|BATTLE OVER BONES
SHPD administrator Melanie Chinen has an answer for every criticism leveled at her office. It’s no surprise, considering the numerous news reports over the past year documenting the agency’s troubles, including one editorial calling for her replacement.
There are several valid reasons 22 people have resigned since she took over the division, Chinen insists. When she became administrator, she instituted major policy changes—from requiring workers to account for time off to setting quotas on the number of archaeological reviews they needed to complete—and some employees were stuck in their old ways, she says. Other staff members, including some of her own hires, could not handle the stress of dealing with such a thankless job—the constant calls from impatient developers, the emotional pleas from Hawaiian families, even physical threats from the public.
“It takes a toll,” Chinen says. “There’s a high burnout. We believe that even given staff working to the highest level, there’s going to be a need for additional resources.”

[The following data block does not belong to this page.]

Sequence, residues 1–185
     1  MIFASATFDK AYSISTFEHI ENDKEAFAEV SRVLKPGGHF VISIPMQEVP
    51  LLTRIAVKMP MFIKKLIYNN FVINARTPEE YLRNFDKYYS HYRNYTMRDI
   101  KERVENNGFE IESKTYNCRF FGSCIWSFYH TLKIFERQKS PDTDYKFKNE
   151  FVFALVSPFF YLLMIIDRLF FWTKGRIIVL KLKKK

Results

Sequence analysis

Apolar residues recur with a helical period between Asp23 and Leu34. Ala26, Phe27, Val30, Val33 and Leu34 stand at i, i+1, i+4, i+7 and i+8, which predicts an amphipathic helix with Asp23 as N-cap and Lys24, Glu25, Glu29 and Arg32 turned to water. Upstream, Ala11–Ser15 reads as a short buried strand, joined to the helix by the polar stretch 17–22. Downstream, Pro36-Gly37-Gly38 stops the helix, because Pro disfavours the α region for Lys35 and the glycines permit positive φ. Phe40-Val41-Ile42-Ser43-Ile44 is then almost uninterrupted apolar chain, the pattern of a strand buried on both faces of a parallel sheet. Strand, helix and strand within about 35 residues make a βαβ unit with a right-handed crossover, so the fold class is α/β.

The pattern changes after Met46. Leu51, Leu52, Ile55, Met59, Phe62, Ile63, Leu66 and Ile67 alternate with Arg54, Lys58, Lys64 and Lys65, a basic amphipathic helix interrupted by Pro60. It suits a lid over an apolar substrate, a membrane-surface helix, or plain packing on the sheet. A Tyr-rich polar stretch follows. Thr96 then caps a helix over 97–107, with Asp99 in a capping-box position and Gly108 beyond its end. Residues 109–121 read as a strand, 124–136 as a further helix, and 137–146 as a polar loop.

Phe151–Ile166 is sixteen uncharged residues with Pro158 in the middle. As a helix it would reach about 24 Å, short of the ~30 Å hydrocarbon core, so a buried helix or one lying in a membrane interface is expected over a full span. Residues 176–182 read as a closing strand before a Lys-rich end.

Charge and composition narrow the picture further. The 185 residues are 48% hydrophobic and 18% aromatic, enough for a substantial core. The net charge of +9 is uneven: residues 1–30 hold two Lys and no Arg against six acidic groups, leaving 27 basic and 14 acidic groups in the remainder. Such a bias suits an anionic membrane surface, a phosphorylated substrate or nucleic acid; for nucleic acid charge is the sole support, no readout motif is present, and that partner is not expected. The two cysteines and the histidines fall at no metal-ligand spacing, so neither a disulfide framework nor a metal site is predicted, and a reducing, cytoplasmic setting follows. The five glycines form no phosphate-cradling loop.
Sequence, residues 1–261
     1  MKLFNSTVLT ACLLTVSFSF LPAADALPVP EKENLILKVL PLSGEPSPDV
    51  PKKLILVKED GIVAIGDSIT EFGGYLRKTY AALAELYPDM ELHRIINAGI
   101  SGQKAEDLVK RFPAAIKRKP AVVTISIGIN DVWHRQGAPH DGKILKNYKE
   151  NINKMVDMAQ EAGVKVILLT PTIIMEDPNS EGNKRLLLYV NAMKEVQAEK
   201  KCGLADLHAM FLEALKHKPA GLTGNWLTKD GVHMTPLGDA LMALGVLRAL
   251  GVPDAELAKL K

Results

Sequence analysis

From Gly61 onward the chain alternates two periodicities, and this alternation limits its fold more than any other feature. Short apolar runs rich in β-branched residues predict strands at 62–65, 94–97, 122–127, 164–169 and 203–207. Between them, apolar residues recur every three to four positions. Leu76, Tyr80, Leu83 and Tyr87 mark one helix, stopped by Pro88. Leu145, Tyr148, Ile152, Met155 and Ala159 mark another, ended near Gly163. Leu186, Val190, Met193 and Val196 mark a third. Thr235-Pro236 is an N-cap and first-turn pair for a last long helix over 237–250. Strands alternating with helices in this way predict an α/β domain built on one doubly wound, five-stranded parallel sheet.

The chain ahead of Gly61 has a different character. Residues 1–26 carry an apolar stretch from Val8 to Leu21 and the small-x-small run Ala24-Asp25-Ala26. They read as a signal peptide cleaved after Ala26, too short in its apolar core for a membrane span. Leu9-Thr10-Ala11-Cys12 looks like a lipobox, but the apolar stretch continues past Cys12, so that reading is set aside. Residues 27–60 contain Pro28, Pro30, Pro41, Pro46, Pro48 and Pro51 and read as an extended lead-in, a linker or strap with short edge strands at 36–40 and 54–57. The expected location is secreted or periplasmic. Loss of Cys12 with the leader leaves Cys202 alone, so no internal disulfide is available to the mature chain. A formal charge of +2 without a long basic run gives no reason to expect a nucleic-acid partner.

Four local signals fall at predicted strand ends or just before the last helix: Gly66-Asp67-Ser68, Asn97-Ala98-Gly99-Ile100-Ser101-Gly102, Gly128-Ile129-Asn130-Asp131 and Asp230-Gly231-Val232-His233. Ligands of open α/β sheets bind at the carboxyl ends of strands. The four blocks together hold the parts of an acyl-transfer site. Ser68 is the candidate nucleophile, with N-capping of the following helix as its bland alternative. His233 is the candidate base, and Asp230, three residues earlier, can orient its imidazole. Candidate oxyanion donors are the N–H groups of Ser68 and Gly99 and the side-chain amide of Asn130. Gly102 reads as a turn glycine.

Like every other state agency, SHPD has to beg the governor and the Legislature for funding. The division receives $1 million from the state—less money than any other division in the Department of Land and Natural Resources—and nearly $500,000 from the federal government. Most of the total $1.5 million goes to SHPD’s 24 positions.
The division’s budget has barely budged over the past five years, Chinen notes, despite its burgeoning workload. By the end of this year, she expects that her office will have received nearly 6,000 documents for review, compared with the 4,000 she saw in 2004, the year she took over the division.